HMRC chief executive Jim Harra, appearing before the Public Accounts Committee where he was due to discuss tax compliance and the pandemic, was pressed on some of the questions surrounding the tax arrangements for the embattled Tory party chair.
Mr Harra was at pains to stress that he could not comment on individual cases, but did tell MPs that penalties were not applied for what he termed “innocent” tax mistakes.
The row surrounding Mr Zahawi centres on a tax bill over the sale of shares in YouGov, the polling firm Mr Zahawi founded, worth an estimated £27 million which were held by Balshore Investments, a company registered offshore in Gibraltar and linked to Mr Zahawi’s family.
Downing Street has said it did not know last week that Mr Zahawi had paid a reported 30 per cent penalty to HMRC.
Mr Zahawi has said that HMRC concluded there had been a “careless and not deliberate” error in the way the founders’ shares, which he had allocated to his father, had been treated.
He also insisted he is “confident” he has “acted properly throughout”.
On Thursday, Mr Harra told MPs: “Carelessness is a concept in tax law. It can be relevant to how many back years that we can assess, can be relevant to whether someone is liable to a penalty and if so, what penalty they will be liable to for an error in their tax affairs.
“There are no penalties for innocent errors in your tax affairs. So if you take reasonable care, but nevertheless make a mistake, whilst you will be liable for the tax and for interest if it’s paid late, you would not be liable for a penalty.
“But if your error was as a result of carelessness, then legislation says that a penalty could apply in those circumstances.”
He also suggested that there could be certain specific circumstances where he could appear before the committee to discuss some details of a minister’s tax affairs, as he said he would aid the ethics inquiry into Mr Zahawi any way he could.
“It would not be normal for me to account to this committee for a person’s tax affairs, but if there are general issues about how we manage tax and I’ve got the ability to be disclosive that’s obviously something I would take advantage of.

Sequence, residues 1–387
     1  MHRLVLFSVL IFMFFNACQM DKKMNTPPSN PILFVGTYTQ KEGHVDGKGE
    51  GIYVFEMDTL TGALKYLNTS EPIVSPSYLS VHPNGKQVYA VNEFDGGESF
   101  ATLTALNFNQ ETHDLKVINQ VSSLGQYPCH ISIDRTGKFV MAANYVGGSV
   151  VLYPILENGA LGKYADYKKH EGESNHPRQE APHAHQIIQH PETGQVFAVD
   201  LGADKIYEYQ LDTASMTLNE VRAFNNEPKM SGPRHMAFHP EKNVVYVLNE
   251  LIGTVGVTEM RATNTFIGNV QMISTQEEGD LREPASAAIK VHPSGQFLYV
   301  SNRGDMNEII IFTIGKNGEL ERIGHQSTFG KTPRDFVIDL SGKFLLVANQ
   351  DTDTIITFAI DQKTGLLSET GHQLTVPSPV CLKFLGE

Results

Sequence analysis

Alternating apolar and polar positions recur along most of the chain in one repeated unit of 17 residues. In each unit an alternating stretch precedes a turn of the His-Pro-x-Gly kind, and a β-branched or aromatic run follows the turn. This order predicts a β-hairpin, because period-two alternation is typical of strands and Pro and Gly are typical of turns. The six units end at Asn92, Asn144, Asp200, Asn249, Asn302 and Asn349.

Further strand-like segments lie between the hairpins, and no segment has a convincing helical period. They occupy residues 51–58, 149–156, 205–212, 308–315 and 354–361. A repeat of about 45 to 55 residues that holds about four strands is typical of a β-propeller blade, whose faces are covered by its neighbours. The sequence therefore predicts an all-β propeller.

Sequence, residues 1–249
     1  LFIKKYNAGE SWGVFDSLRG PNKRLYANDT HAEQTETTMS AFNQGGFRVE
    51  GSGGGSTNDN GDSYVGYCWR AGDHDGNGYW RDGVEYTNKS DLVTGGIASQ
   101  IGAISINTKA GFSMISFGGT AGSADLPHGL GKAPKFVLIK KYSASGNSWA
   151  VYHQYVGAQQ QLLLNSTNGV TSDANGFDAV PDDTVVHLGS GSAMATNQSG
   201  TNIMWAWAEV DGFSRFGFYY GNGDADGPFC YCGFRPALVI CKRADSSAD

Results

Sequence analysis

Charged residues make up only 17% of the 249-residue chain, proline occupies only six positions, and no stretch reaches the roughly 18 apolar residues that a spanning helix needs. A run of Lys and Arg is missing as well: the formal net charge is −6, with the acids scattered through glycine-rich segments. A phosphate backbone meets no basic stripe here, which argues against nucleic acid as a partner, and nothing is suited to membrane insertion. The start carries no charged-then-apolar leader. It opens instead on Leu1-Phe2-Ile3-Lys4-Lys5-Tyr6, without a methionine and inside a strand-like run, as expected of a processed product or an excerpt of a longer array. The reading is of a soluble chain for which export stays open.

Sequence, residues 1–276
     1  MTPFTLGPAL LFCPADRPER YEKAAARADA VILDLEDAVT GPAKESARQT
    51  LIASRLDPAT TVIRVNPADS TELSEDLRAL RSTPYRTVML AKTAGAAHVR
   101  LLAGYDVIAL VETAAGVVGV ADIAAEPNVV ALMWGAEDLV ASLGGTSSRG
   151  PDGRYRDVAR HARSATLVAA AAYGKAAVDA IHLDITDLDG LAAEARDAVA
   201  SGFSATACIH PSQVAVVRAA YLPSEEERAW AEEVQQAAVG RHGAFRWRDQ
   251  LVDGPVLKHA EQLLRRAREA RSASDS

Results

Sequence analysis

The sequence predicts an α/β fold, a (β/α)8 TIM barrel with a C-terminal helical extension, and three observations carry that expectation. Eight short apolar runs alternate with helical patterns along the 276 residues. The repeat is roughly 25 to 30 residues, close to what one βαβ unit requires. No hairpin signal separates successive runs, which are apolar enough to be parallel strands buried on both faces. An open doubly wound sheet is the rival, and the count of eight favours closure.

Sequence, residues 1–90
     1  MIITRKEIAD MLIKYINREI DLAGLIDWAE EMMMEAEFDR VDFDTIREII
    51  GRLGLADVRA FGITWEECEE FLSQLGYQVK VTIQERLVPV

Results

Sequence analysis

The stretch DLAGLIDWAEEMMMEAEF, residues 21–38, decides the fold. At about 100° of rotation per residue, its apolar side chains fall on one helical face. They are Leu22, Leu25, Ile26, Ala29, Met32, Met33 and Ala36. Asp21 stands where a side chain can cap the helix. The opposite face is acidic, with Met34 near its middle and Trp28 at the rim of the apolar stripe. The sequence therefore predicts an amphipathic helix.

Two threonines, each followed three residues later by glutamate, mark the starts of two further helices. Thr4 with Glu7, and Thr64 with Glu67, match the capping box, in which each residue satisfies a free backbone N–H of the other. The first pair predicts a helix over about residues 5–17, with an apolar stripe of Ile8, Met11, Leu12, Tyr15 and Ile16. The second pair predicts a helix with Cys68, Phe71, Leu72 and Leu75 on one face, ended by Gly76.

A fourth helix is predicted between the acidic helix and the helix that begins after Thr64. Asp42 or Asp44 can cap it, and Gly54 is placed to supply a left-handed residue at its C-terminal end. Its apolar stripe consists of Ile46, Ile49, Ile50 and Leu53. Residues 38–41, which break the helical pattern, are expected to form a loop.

“If we are asked by the independent adviser on ministerial interests to help with the inquiry, we will do so in any way we possibly can,” he said.
Mr Sunak has ordered an investigation by Sir Laurie Magnus, his independent adviser on ministers’ interests, into whether Mr Zahawi broke ministerial rules over the estimated £4.8 million bill he settled with HMRC while he was chancellor.
The Prime Minister, who is hosting an away day with Cabinet colleagues at Chequers, was grilled on the furore by Labour leader Sir Keir Starmer in the Commons on Wednesday.
Mr Sunak told MPs that while it would have been “politically expedient” to sack Mr Zahawi, “due process” meant that the investigation into his tax affairs should be allowed to reach its conclusion.
Downing Street has not set a timeline or indicated the pace of the inquiry, only saying it hoped Sir Laurie could report back “swiftly”.
One senior minister suggested the result of the investigation could be on Mr Sunak’s desk in as little as 10 days, while The Times reported that the independent adviser is expected to expedite the process and report back within three weeks.
Work and Pensions Secretary Mel Stride was asked on ITV’s Peston programme on Wednesday about rumours suggesting the investigation could be done within 10 days, and said it “wouldn’t be untypical” for Sir Laurie to operate in that timeframe.
He added: “I can’t be drawn on an arrangement of which I don’t know all the details.
“But the good news is that we will – in around, it sounds like, 10 days’ time or thereabouts – hear from the ethics adviser, who will report to the Prime Minister, the Prime Minister will then have the facts and be able to make exactly those judgments.”
Mr Sunak acknowledged on Wednesday that he had not been given the full picture about the Tory chairman’s financial matters when he told MPs last week that Mr Zahawi had given a “full” account.
But he insisted that when he entered No 10 and gave Mr Zahawi the job of Minister Without Portfolio “no issues were raised with me”.
Downing Street said that the Prime Minister still has confidence in Nadhim Zahawi, but suggested that the inquiry would take place as quickly as possible.
Asked if Number 10 had asked the independent adviser on ministerial interests to expedite the investigation, a spokesman for the Prime Minister said: “We’ve said we would like it to be concluded as quickly as possible, but as I say, we haven’t put a time constraint on it. It is for him to establish the facts, for him to undertake the work as he sees fit, and then report back to the Prime Minister.”
The spokesman also indicated that the Prime Minister would support Mr Zahawi giving any approval HMRC needed to help the ethics inquiry.
“It’s an independent investigation. So I can’t comment on the process. It follows more broadly the Prime Minister expects participation with it,” the spokesman said.
He pointed reporters to Mr Zahawi’s previous statement on the issue, but said it was a matter for the independent adviser.